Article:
Author(s): Bartsch A, Kumpula T, Forbes BC, Stammler F
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Abstract Snow conditions play an important role for reindeer herding. In particular, the formation of ice crusts after rain-on-snow (ROS) events or general surface thawing with subsequent refreezing impedes foraging. Such events can be monitored using satellite data. A monitoring scheme has been developed for observation at the circumpolar scale based on data from the active microwave sensor SeaWinds on QuikSCAT (Ku-band), which is sensitive to changes on the snow surface. Ground observations on Yamal Peninsula were used for algorithm development. Snow refreezing patterns are presented for northern Eurasia above 60 degrees N from autumn 2001 to spring 2008. Western Siberia is more affected than Central and Eastern Siberia in accordance with climate data, and most events occur in November and April. Ice layers in late winter have an especially negative effect on reindeer as they are already weakened. Yamal Peninsula is located within a transition zone between high and low frequency of events. Refreezing was observed more than once a winter across the entire peninsula during recent years. The southern part experienced refreezing events on average four times each winter. Currently, herders can migrate laterally or north-south, depending on where and when a given event occurs. However, formation of ice crusts in the northern part of the peninsula may become as common as they are now in the southern part. Such a development would further constrain the possibility to migrate on the peninsula.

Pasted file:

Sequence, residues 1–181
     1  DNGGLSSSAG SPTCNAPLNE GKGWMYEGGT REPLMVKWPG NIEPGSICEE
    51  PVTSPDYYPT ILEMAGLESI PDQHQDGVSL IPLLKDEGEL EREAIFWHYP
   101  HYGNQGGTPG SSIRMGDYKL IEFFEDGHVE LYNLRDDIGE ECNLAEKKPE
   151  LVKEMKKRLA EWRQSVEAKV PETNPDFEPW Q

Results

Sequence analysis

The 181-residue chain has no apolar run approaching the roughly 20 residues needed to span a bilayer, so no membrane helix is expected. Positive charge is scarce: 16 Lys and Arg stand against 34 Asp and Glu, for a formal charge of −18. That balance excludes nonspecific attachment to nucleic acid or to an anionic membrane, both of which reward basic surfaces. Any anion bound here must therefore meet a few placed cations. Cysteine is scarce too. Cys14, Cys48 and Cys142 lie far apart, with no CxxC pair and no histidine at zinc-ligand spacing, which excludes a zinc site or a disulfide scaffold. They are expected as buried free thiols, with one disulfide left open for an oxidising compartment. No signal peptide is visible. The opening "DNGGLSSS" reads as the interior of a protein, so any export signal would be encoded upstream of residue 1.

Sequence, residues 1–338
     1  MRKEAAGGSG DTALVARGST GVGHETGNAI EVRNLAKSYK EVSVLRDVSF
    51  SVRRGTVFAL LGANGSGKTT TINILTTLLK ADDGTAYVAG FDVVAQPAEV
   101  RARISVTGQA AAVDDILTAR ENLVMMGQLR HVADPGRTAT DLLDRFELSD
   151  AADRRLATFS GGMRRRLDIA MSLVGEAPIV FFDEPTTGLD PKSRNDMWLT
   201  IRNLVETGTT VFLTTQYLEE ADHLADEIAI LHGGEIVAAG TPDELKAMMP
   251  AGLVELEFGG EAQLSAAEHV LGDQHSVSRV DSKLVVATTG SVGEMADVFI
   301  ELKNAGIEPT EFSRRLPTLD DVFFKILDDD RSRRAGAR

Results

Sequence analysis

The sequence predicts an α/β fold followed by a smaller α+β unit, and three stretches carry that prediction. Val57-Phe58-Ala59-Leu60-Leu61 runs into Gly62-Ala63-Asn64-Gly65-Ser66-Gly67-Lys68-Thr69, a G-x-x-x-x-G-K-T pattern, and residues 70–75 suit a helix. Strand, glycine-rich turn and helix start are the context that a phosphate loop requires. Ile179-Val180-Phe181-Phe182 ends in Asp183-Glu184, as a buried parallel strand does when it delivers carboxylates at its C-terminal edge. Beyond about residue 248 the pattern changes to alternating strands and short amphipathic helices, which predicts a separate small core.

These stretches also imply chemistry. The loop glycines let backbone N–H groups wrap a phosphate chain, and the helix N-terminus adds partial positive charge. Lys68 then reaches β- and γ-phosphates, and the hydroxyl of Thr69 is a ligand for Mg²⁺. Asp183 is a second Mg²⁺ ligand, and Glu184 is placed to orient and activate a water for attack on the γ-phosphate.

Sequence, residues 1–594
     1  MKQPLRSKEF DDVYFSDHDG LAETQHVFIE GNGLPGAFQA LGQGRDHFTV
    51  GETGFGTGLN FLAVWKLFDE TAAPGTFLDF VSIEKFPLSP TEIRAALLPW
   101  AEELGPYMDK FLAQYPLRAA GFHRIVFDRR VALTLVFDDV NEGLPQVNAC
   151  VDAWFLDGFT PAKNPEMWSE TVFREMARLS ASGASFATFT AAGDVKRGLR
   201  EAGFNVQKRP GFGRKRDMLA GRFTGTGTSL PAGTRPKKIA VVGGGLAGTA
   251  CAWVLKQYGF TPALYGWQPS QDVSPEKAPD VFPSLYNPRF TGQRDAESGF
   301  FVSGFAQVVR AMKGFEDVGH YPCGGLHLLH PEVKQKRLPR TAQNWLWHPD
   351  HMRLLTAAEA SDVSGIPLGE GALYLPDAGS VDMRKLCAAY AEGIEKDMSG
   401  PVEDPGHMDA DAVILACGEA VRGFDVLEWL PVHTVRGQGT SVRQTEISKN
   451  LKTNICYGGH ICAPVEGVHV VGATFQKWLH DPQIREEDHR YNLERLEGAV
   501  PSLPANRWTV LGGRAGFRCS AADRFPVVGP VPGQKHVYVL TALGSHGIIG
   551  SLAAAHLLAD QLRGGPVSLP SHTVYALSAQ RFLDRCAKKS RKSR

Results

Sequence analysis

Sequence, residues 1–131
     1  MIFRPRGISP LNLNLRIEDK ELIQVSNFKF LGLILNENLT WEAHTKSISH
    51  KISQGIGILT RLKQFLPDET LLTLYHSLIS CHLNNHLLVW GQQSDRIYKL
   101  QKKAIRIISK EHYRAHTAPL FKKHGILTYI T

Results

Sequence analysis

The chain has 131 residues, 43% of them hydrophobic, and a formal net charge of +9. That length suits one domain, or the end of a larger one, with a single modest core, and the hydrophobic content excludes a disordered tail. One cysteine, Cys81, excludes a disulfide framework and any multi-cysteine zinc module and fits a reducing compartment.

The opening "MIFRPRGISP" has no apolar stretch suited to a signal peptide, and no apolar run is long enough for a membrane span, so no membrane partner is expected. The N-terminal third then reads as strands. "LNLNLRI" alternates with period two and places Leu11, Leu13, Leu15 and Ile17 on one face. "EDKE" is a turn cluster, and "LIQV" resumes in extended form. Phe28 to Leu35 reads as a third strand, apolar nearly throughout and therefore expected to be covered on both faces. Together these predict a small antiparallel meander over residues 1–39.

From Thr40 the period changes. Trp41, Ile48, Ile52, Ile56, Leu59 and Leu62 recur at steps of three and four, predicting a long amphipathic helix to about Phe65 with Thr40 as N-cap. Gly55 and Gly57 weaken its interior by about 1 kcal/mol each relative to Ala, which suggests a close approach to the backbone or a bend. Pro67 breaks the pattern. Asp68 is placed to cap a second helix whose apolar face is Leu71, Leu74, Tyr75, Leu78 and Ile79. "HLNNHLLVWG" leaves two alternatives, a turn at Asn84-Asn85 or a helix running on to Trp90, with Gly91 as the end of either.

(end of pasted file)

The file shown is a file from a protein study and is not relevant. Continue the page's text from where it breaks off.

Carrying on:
This article was published in Ecol Appl
and referenced in Journal of Earth Science & Climatic Change